02 December 2021
As new pandemic restrictions are introduced this week, I am sure many priests may wonder what sort of Christmas we are facing.
It is difficult to describe the spiritual loneliness of a priest presiding at the Eucharist in an all-but empty church on Christmas Day and on Easter morning, recording reflections for Holy Week or school assemblies alone, or planning the choice of hymns weeks in advance for carol services that may never take place.
But then, priests ought to have the daily experience of praying the daily office alone without feeling spiritually lonely.
The Revd Dr Thomas Plant, chaplain at Rikkyo University in Tokyo and formerly chaplain at Lichfield Cathedral School, tweeted earlier this week: ‘… priestly prayer, especially the Liturgy of the Hours, is authentic priestly ministry. This conviction will help priests avoid the tendency to reduce it to a mere private devotion as if time devoted to prayer … were somehow time robbed from the ministry.’
I blog early each morning about my own morning prayers, reflections and readings. These are not private personal prayers, but part of my ministry too, and a fulfilment of the vows a priest takes at ordination. So, I have the morning habit of sharing these with parishioners through the parish Facebook page.
Often, in the middle of a busy working day in the Rectory, before taking a break for lunch, I also take time to watch the celebration of the mid-day Eucharist in the Lady Chapel of Lichfield Cathedral.
At this daily celebration, the priests habitually use the Prayer of Spiritual Communion on behalf of those who are watching but who cannot receive the Eucharist in person. This prayer, which I was made aware of in Lichfield Cathedral seven weeks ago, and which was used again at the mid-day Eucharist today, is based on the Prayer of Saint Richard of Chichester:
Thanks be to you, Lord Jesus Christ,
for all the benefits you have given me,
for all the pains and insults you have borne for me.
Since I cannot now receive you sacramentally,
I ask you to come spiritually into my heart.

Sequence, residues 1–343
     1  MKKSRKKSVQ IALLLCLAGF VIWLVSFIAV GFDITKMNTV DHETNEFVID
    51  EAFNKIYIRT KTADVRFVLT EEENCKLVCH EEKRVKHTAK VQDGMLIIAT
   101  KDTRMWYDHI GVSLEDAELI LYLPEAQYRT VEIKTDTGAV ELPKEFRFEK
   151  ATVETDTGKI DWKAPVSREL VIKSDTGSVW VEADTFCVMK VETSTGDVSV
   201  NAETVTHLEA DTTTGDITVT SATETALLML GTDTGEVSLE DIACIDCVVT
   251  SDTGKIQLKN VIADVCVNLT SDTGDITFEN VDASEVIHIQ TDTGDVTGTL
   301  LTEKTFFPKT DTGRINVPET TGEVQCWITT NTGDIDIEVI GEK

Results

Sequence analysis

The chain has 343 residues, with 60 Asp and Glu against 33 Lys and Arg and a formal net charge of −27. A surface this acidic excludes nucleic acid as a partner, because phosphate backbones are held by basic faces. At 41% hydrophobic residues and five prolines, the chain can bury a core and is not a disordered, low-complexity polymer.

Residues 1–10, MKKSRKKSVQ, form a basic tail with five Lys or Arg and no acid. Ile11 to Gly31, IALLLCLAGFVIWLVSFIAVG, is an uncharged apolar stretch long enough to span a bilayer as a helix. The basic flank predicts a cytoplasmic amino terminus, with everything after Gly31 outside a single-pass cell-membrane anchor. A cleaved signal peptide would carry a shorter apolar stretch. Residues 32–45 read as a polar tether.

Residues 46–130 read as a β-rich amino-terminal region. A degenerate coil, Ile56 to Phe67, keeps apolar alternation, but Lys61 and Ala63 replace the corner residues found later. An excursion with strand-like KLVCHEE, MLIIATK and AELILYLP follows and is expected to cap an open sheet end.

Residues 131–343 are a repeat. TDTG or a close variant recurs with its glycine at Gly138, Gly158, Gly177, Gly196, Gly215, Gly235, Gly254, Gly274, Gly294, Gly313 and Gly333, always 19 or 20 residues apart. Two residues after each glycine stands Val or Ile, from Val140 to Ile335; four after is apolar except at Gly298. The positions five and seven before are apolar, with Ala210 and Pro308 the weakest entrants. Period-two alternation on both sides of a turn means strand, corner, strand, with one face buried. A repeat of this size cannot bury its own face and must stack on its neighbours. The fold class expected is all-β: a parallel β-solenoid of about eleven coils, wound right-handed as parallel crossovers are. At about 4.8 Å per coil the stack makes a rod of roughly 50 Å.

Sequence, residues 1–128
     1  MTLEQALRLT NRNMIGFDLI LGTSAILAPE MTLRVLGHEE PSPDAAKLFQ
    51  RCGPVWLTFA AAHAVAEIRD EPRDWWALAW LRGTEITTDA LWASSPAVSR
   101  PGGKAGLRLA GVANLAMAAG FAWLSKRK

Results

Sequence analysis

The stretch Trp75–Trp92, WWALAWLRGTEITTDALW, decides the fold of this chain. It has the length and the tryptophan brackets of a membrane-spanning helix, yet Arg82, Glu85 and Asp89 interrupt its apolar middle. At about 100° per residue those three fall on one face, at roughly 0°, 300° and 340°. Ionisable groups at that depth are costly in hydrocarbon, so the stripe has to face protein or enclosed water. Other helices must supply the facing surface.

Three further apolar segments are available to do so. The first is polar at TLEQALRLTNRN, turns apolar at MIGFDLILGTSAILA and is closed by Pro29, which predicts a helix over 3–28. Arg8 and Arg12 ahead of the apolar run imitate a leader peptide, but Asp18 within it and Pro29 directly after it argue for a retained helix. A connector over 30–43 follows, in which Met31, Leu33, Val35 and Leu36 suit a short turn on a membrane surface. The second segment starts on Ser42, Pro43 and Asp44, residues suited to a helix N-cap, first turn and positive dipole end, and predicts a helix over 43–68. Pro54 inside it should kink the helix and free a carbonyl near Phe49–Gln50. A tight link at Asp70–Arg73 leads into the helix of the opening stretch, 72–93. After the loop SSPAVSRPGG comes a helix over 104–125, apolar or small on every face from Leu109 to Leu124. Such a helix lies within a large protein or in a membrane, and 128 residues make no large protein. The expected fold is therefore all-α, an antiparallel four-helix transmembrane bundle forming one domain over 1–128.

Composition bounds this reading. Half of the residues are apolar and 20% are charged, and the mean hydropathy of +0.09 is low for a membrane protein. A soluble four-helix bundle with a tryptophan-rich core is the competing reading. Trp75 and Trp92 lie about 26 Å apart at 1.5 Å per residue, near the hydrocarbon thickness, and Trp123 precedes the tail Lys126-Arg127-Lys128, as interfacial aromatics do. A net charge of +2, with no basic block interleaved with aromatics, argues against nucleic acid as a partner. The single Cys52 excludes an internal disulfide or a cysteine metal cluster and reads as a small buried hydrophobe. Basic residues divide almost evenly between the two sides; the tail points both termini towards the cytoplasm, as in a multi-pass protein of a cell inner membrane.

O most merciful redeemer, friend and brother,
may I know you more clearly,
love you more dearly,
and follow you more nearly, day by day. Amen.
So, priestly ministry is never exercised on its own, and should never truly be a solitary, isolated, or lonely experience for me or any other priest.
This is the Season of Advent. Before a busy day begins, I am taking some time early this morning (2 December 2021) for prayer, reflection and reading.
Each morning in the Advent, I am reflecting in these ways:
1, Reflections on a saint remembered in the calendars of the Church during Advent;
2, the day’s Gospel reading;
3, a prayer from the USPG prayer diary.
Many of the saints commemorated in Church calendars today seem to be obscure in one way or another, or are largely forgotten. However, one saint who is the fore of my mind this morning is Saint Mungo, if only because the issue of homelessness is relevant to the Gospel reading this morning for the Eucharist in the lectionary of the Church of Ireland, and because I have received a number of leaflets in the Church Times and other publications reminding of the work of the homelessness campaign and community, St Mungo’s.
St Mungo’s, now based at St Mungo’s at Thomas More Square, London, dates from 1969, when a group of volunteers decided to do something to help homeless people.
Since then, St Mungo’s has been filled with some extraordinary people, who have been homeless, who have transformed their lives and inspired many others, who have dedicated their lives and careers to ending homelessness, and who have supported and advocated for St Mungo’s for more than half a century.